Wrap yourself up in warm clothes, or you might catch a cold! If winter is the season you most dread, know that you are not alone. Many people spend this period of the year with a cold. While this viral infectious disease isn't a real threat to young and healthy individuals, it can become a real pain to deal with. So, can you do anything to prevent it?
Plants of the genus Echinacea (commonly known as coneflowers) have been shown to activate specific mechanisms of the defense system. These properties could reduce the number of colds we face per year, although the real immunomodulatory power of this plant is still very much debated. Are you eager to learn more about it?
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- 2 Key Facts
- 3 Our Selection: The Best Echinacea Supplements
- 4 Shopping Guide: Everything You Should Know About Echinacea
- 5 Buyer's Guide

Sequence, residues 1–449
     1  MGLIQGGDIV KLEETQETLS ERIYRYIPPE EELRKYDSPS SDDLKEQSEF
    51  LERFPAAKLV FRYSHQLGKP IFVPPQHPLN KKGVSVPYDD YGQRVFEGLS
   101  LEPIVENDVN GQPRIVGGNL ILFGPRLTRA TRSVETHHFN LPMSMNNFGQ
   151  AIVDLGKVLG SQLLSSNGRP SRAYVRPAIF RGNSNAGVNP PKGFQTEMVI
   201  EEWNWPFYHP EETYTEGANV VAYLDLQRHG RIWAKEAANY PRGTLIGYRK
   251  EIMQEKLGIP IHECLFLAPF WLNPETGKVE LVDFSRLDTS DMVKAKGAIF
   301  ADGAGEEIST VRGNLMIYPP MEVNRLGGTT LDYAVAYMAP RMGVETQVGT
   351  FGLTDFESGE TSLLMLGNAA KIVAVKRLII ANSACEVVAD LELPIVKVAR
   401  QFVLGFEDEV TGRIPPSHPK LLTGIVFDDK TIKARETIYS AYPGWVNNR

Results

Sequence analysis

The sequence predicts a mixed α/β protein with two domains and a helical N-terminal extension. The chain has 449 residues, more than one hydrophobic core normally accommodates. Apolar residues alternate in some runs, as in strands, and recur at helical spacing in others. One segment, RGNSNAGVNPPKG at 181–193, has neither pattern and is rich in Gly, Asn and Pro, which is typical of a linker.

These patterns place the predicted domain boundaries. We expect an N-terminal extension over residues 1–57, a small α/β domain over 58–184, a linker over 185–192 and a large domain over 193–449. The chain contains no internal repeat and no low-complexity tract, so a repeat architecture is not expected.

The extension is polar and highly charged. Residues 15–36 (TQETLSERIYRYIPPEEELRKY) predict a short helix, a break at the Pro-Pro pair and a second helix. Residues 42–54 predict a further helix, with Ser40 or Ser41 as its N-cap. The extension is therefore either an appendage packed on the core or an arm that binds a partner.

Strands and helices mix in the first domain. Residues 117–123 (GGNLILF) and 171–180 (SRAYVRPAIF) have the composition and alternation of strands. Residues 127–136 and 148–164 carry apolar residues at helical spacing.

- 6 Summary
- Echinacea is a genus of plants with medicinal properties.
- Supplements containing Echinacea purpurea could help prevent and fight off the common cold.
- You should consider a series of critical aspects before purchasing any echinacea product. These include your potential dietary restrictions and the origin of the plant, among others.
Our Selection: The Best Echinacea Supplements
To help you make the right purchase, we have selected some of the most popular echinacea products currently available out there. These articles are manufactured by reputable and responsible brands, whose goal is to provide high-quality supplements to their customers. In any case, please keep in mind that these products are not suitable for minors without authorization from your pediatrician.
Shopping Guide: Everything You Should Know About Echinacea